let's talk farm animals

Old man winter is coming – are you and your animals ready?

by Jean L Clavelle

Here in the west, most people feel cheated by this year’s short summer.  Snow arrived early last fall and then stuck around far longer than we all felt it should have this spring.  However, whether we like it or not , winter is fast approaching!  For the average Joe this means blowing out the sprinklers, finding those extension cords, and winterizing your house.  Not only do producers need to do all of those things, they also need to worry about getting their animals ready for winter too.Winter Cows PIC

There are a few key items on producers’ checklist each fall to ensure they optimize herd health and reproduction in the winter.

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Posted by FACS on October 15th, 2013 :: Filed under Animal care,Animal health,Beef cattle,Farm life,Uncategorized,Weather,winter
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Livestock on the road – how you can help in an accident

By Jean Clavelle

Wtransport PICell, it’s that time of year.  Cattle are coming home from pasture, calves are being weaned and sent to feedlot and horse enthusiasts are enjoying the last few pleasant riding days left of the season.  No one plans to have one, but accidents do happen especially when animals are involved.  And whether you are the one involved in a motor vehicle accident or an innocent bystander it’s important to know what to do and how you can help when livestock are on the loose.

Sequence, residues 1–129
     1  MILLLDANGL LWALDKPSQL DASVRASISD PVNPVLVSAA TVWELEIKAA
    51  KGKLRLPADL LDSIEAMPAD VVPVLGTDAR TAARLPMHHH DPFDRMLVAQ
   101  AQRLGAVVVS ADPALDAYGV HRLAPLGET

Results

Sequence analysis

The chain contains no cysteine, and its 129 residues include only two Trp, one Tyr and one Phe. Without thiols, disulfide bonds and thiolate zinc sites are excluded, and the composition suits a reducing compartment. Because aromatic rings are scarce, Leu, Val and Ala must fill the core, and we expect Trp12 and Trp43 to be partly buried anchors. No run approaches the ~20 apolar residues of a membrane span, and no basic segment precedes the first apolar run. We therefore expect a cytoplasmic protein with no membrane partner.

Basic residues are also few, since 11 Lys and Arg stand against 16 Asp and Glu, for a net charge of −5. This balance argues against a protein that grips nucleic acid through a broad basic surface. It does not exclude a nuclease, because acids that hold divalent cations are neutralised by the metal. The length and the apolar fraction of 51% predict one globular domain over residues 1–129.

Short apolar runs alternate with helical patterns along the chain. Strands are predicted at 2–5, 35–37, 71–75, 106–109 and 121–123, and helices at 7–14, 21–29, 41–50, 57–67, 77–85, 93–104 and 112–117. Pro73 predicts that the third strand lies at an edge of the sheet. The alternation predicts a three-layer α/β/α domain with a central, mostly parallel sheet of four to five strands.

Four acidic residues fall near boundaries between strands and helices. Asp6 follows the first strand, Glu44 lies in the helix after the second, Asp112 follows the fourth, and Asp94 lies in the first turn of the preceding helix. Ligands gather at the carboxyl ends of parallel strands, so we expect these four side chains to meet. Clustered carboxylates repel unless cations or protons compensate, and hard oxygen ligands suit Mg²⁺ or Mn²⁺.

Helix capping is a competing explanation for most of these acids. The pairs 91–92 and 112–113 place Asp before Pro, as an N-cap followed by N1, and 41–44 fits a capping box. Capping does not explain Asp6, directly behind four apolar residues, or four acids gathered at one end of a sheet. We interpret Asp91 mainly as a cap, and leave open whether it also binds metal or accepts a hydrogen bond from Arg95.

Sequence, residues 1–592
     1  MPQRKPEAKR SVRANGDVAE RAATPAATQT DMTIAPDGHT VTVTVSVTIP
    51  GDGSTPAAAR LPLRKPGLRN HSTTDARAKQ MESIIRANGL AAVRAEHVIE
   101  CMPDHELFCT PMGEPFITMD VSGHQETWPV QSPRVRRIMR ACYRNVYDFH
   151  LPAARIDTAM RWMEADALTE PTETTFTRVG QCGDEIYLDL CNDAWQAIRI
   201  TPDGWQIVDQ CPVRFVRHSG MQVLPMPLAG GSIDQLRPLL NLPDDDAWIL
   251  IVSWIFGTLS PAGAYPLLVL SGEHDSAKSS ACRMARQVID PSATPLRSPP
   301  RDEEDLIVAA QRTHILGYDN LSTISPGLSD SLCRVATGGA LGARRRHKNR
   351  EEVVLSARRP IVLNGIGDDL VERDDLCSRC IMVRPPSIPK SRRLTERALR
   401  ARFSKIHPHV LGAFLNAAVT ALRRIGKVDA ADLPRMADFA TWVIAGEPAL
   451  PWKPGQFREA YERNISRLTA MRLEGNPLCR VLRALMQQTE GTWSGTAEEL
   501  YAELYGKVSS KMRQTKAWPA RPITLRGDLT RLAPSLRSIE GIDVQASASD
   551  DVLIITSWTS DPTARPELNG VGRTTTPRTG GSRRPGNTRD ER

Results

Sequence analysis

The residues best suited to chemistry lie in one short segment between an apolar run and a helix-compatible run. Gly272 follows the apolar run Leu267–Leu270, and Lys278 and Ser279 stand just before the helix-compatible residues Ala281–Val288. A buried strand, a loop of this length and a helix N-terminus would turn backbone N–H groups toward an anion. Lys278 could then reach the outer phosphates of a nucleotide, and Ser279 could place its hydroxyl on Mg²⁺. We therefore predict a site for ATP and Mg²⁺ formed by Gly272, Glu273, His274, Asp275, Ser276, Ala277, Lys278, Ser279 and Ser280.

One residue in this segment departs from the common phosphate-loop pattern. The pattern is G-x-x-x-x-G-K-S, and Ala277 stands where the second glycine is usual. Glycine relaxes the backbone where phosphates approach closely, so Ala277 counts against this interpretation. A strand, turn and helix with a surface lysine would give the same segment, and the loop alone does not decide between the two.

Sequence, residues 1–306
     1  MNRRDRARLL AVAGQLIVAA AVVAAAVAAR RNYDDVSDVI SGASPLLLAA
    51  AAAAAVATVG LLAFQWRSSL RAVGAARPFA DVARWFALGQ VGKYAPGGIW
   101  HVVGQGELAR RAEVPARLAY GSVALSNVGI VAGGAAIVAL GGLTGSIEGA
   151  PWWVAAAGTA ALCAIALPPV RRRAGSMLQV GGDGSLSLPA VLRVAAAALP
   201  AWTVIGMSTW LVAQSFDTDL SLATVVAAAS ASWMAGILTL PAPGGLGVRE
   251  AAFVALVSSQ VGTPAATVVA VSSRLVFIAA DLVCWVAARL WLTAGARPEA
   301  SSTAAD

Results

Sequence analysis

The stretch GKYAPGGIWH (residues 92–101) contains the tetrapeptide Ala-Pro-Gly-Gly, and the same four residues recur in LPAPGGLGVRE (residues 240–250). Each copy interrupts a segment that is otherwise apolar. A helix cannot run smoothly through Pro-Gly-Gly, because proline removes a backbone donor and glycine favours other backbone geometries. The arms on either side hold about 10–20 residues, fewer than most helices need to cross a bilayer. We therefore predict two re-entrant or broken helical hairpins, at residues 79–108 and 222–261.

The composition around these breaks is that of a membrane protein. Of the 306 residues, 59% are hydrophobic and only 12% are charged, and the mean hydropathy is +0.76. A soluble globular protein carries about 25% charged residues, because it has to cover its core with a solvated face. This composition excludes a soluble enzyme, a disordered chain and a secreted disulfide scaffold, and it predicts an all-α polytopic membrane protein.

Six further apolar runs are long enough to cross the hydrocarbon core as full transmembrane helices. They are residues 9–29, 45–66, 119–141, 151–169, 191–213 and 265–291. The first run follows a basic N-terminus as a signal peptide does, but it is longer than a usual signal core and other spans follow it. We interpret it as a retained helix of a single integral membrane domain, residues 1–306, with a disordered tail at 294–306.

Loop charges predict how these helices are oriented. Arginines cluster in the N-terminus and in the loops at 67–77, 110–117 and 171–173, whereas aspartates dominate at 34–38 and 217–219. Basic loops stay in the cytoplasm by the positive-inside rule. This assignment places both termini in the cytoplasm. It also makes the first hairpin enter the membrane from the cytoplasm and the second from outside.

The top 5 things you need to know about livestock in an emergency:

  1. Livestock do not understand lights and sirens mean pullover.  This will definitely not make them stop.
  2. When an animal feels cornered, it will fight or try to run.
  3. Livestock view us as predators and their natural instinct is to flee from predators.
  4. Prey animals are herd animals and become extremely agitated when isolated or separated from other animals.  Single animals are extremely dangerous animals.
  5. Once livestock are excited or scared it will take at least 20 to 30 minutes to calm them back down.
    Read All »

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Posted by Farm and Food Care on October 4th, 2013 :: Filed under animal handling,Animal welfare,Beef cattle,Broiler Breeders,Chickens,Horses,Misconceptions,Pigs,Poultry,Sheep,Transportation,Turkeys,Uncategorized,Veterinarians,Weather
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Let it snow, let it snow, let it snow

by Kim Waalderbos

Winter season on a farm adds a different dynamic to daily chores. Just like we get bundled up for outdoor adventures, the colder temperatures mean farmers must pay extra attention to animals, barns and equipment to keep everything warm and comfortable.

When the thermometer starts to dip, farmers can be found topping up stalls and pens with extra snuggly bedding, adding more food and milk in the pails and feed bunks, or adjusting their barn ventilation to keep fresh – but not cold – air circulating.

Winter on a farm brings with it a need to take extra precautions with the animals living on it - including maintaining comfortable temperatures inside barns on cold, snowy days.